Janey Lee Grace, holistic life coach www.janeyleegrace.com

Plan in advance

Fail to Plan, Plan to Fail – this statement is so true. Plan your week out in advance, make sure that you have put your workout kit in your car the night before, and be realistic - there is no point saying you will go to the gym every single day when you know, realistically, that is unlikely to happen.

Graeme Penny, Regional Manager of PureGym London http://www.puregym.com/

Make it enjoyable

Boredom can be demotivating so trying new things - maybe a new class, signing up for an event or hiring a personal trainer - can help keep you focused and motivated. Even better, rope in a friend - having a regular date in the diary with a workout buddy makes you more likely to enjoy and stick to it!

Jordan Roye, Nuffield Health Wellbeing Personal Trainer http://www.nuffieldhealth.com/

It's probably not impossible

Henry Ford once said that "Whether you think you can or you can't, you're probably right." Before Roger Bannister broke the four minute mile, for example, athletes thought it an impossible feat. Yet as soon as he did, others followed suit and times got shorter and shorter. When you truly believe that something is possible and you're convinced it can happen, you will - as a result - take massive action and see phenomenal results.

Simon Alexander Ong, life designer and success strategist http://www.simonalexanderong.com/

Think about your actions

Be mindful – is the food you are eating nourishing or junk food? Is the portion size right? Are you eating when you are full? Are you eating for reasons other than hunger? Keeping these questions in the forefront of your mind can help with making choices about what you eat.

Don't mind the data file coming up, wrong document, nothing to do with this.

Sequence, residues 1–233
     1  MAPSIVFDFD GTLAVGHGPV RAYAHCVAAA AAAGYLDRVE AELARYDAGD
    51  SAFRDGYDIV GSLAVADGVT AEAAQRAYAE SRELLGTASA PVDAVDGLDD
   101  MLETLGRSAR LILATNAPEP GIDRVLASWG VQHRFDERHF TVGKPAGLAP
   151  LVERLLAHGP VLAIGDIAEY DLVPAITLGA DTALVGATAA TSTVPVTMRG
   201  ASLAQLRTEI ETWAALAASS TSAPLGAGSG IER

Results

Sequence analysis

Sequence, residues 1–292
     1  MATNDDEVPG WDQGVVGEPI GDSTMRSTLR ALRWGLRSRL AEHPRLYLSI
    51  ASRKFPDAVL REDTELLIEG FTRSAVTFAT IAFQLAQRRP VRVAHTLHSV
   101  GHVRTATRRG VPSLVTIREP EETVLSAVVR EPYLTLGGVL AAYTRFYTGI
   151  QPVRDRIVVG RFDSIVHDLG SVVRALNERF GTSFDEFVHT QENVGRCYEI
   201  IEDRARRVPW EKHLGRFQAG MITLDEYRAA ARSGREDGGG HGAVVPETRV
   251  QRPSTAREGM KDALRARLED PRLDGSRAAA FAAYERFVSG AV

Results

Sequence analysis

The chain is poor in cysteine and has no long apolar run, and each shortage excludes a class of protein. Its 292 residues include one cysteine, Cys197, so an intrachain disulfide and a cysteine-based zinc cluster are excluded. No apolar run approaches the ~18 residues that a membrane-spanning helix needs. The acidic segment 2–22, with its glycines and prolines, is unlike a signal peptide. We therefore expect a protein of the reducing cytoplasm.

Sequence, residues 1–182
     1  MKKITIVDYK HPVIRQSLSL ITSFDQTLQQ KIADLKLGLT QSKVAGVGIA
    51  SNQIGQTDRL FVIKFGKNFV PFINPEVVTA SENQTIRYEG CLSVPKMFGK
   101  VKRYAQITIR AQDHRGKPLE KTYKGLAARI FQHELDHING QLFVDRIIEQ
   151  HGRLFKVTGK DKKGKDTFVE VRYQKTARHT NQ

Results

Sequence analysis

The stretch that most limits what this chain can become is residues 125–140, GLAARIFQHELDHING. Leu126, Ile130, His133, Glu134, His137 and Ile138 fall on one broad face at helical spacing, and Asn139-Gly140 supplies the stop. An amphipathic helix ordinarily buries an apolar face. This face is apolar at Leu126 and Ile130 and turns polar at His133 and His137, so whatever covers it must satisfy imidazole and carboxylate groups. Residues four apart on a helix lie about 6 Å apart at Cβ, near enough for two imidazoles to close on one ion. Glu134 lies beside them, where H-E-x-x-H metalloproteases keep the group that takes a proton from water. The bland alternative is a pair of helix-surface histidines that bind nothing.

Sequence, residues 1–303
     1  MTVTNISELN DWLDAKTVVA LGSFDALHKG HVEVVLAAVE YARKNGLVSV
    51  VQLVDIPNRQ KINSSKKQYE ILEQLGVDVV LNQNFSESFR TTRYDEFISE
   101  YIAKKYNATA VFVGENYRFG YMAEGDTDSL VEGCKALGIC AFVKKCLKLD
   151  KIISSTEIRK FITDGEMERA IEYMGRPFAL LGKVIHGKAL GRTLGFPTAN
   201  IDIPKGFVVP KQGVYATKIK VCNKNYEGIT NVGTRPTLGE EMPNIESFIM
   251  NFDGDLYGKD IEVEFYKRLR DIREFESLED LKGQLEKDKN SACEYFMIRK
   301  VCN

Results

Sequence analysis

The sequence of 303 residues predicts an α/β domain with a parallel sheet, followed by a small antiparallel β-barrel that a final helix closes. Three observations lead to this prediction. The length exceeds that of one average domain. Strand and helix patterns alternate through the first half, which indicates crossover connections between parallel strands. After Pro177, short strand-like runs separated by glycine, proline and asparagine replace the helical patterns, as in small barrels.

Chris Cheyette, NHS dietician and author of 5:2 Diet Photos www.52dietphotos.com

Reward yourself

It is so important to reward ourselves on the way to achieving our goals as well as once we achieve them. This will help us stick to the resolution without having to wait until we achieve our ultimate goal. You hold the keys to your success so it’s important to allow yourself to tap into your potential and to recognise when we have done so.

Penny Davenport, career mentor and coach www.pennydavenport.co.uk​

Don't expect instant results

It can be overwhelming to simply state you want to have six packs abs or lose numerous dress sizes, so instead set mini and achievable goals. Too big a goal and you'll likely give up when making miniscule steps towards achieving it, but achieving 2lb/week weight loss for a month or being able to run that 5km morning run 30 seconds faster than you could the month, are all realistic goals. Remember, it takes approximately four weeks for you notice changes to your body, your partner about eight weeks to notice and twelve for the outside world, so stick at it!

Tom Routly, GoNutrition.com fitness expert http://gonutrition.com/

Make it measurable

The devil's in the detail. Make your resolution really specific: 'I want to be able to run for 30 minutes non stop by week 6 of my program' rather than some vague 'I want to start jogging'. Many people just say 'I want to get fit'. What does that mean? 'I want to be able to cycle to work and back 4 times a week' gives yourself a tangible goal which you are more likely to stick to.

Julia Willmott, fitness trainer and pilates teacher www.juliawillmott.com